When will the curve finally flatten out?

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When will the curve finally flatten out?


We sit at home, staring at the thousands of new infections that are reported every day, and ask ourselves: When will social distancing finally be effective?



© Image: Ina Fassbender / AFP / Getty Images, graphic: ZEIT ONLINE, [M] TIME ONLINE
The curve of new infections is still fluctuating strongly. But it could show in a few days whether the measures taken will work.


For almost two weeks now people have not been able to go to yoga or the bouldering hall, they no longer meet friends for a beer, and they do not see their grandchildren on weekends. The work takes place at the kitchen table, where you nervously try to survive the video conference with the boss without one of the children screaming through the picture. Anyone who has to do without a lot and have to put up with such a difficult situation naturally wants to know: does all of this pay off? When will the curve of new corona infections finally flatten?

A look at the numbers unfortunately does not provide a clear picture: since March 26, new infections have actually decreased slightly in Germany – but only for four days, then the curve rose again more steeply. Depending on how optimistically one interprets these numbers, the developments can be interpreted in two directions: The small hollow that formed at the beginning of last week could indicate that the whole measure – the social distancing, the closure of day-care centers, schools, shops and restaurants, the constant washing of hands and keeping your distance – have a first effect. But you could also look at the renewed increase in the curve since the middle of last week and conclude that the measures taken are of no use.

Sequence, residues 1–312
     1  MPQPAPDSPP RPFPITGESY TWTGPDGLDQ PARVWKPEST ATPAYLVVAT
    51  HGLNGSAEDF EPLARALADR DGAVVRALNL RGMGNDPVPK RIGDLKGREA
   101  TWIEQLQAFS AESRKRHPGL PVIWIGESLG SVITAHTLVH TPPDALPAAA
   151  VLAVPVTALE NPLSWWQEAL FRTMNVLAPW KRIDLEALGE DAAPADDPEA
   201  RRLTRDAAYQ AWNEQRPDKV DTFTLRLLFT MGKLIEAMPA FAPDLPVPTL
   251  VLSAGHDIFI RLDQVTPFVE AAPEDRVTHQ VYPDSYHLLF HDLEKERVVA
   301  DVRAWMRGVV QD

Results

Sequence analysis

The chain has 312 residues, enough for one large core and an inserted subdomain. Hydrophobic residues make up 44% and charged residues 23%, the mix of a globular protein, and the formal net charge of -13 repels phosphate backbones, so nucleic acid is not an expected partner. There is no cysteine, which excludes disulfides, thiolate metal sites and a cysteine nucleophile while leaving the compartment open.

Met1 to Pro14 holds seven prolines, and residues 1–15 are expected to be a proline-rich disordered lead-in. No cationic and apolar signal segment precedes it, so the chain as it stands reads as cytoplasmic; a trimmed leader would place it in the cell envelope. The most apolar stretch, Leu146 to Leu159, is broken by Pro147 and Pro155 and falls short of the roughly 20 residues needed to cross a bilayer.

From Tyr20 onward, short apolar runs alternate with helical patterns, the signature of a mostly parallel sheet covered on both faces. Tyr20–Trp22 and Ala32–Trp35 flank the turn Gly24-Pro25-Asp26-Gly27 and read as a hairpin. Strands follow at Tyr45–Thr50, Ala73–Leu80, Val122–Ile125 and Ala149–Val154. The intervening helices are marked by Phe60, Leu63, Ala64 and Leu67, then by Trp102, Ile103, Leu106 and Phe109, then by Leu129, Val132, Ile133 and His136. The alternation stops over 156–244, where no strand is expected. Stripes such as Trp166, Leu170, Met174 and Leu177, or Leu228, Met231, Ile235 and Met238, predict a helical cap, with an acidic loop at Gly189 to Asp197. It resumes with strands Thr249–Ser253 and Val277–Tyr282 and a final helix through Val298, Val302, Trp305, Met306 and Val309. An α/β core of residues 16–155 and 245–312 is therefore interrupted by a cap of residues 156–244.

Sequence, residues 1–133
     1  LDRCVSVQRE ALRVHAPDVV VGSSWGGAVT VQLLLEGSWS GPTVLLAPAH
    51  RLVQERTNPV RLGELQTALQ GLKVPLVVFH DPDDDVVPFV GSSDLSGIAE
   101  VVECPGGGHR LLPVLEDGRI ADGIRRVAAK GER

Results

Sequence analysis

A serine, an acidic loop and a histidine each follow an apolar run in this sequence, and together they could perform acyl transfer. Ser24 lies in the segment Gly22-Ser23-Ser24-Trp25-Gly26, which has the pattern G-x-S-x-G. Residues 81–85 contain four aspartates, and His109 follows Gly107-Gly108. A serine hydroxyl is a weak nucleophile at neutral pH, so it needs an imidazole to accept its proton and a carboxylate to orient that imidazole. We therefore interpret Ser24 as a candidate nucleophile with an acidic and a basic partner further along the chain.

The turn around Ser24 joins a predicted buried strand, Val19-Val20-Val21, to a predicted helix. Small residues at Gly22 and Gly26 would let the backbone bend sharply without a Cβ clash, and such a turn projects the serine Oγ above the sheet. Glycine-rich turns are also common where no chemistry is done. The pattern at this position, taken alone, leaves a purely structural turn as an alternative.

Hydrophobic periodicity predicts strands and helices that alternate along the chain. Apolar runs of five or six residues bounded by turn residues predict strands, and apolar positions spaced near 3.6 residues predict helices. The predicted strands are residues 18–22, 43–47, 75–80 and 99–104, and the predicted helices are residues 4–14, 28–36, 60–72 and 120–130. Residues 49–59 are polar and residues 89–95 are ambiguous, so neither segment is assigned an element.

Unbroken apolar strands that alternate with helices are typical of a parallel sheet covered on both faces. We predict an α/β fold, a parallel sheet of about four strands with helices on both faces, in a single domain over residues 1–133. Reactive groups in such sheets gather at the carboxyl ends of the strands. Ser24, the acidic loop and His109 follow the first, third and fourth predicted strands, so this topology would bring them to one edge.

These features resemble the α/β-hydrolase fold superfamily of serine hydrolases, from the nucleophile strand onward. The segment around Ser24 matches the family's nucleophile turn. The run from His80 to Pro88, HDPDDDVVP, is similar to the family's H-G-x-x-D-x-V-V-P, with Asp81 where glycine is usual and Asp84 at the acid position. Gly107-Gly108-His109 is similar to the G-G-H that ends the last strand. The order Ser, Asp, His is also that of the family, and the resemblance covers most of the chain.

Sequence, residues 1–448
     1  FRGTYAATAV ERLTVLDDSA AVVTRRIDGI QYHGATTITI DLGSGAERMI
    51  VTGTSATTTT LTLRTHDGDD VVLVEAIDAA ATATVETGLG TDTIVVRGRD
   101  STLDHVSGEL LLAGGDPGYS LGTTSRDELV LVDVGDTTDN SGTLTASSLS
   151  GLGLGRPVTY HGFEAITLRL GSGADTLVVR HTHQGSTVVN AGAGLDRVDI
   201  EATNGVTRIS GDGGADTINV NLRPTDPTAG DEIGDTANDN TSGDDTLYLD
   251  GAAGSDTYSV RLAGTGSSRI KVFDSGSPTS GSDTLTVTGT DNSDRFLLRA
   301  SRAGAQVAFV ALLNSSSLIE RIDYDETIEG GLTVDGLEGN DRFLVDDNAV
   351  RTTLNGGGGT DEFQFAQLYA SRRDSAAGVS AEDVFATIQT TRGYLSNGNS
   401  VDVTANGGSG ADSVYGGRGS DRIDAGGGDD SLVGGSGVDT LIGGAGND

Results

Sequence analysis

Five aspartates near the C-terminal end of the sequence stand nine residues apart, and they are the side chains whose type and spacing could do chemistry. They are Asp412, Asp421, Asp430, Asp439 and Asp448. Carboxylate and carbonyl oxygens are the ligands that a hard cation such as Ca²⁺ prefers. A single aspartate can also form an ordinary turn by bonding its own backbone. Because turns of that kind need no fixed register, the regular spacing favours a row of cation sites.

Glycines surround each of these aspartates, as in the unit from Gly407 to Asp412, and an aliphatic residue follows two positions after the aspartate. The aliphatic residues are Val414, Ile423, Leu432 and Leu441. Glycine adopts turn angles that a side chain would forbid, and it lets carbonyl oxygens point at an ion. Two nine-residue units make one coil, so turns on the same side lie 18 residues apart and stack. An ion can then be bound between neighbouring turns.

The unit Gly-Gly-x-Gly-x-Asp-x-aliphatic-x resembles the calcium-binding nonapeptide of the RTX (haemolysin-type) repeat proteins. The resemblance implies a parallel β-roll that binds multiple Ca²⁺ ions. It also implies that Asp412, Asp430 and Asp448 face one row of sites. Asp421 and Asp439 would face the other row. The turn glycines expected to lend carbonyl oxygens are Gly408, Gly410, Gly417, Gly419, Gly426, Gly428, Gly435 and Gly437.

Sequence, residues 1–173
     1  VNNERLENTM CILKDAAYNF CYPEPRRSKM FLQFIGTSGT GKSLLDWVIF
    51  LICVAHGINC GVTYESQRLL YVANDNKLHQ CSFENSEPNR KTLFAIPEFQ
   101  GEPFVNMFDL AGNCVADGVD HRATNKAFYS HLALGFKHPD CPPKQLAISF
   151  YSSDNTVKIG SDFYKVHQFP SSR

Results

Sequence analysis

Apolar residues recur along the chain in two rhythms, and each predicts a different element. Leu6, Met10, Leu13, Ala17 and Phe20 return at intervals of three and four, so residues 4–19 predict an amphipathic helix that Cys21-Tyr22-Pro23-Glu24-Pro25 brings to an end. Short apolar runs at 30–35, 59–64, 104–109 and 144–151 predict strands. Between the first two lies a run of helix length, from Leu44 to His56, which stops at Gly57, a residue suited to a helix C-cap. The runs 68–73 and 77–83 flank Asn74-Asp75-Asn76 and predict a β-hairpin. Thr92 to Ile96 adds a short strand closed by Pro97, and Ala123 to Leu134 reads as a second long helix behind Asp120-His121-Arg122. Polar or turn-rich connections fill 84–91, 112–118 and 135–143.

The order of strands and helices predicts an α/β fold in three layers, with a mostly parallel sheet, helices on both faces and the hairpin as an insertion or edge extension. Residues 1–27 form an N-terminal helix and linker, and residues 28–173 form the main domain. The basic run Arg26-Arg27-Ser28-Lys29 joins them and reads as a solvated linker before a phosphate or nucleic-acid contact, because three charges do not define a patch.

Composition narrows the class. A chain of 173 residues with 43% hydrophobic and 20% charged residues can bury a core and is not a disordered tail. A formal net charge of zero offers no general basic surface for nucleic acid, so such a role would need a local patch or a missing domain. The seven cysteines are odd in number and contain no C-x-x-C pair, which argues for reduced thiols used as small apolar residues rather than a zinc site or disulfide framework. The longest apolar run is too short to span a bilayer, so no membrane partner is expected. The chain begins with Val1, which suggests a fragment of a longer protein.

The honest answer is: the development cannot yet be reliably interpreted. However, that could change soon. “Every day we get more security,” says Rafael Mikolajczyk. However, the head of the Institute for Medical Epidemiology, Biometry and Computer Science at Martin Luther University Halle-Wittenberg advises: “I would give us a few more days until we can see a clear trend.” It can take a long time for the corona virus to be reflected in the data, and there are several reasons for this.

A central factor for the reliable assessment of the Sars-CoV-2 virus is the incubation period, i.e. the time between the infection and the appearance of the first symptoms. This period of time is unusually long with the new corona virus. On average, infected people start coughing, fevering, or other symptoms after five to six days. In individual cases, the incubation period can be 14 days or even longer (Journal of Clinical Medicine: Linton et al., 2020). At the moment, people in Germany are mostly tested for the pathogen who already have clear symptoms. This means that the graphics lag behind, they show the number of people who got infected five days ago – possibly even earlier.

Assuming an infected person is tested, as soon as they experience symptoms, it takes a while for the sample to be examined in the laboratory and a test result to be available. According to the Robert Koch Institute (RKI), it can take six to ten days from infection to get a positive test result. Then the health department has yet to pass on the numbers of infected people to the state authorities. From there, in turn, the nationwide responsible RKI informed. Only then do the positively tested appear in the national statistics. If you also consider the closure of some authorities on the weekends, the curve can flatten out quickly, with no actual decrease in new infections.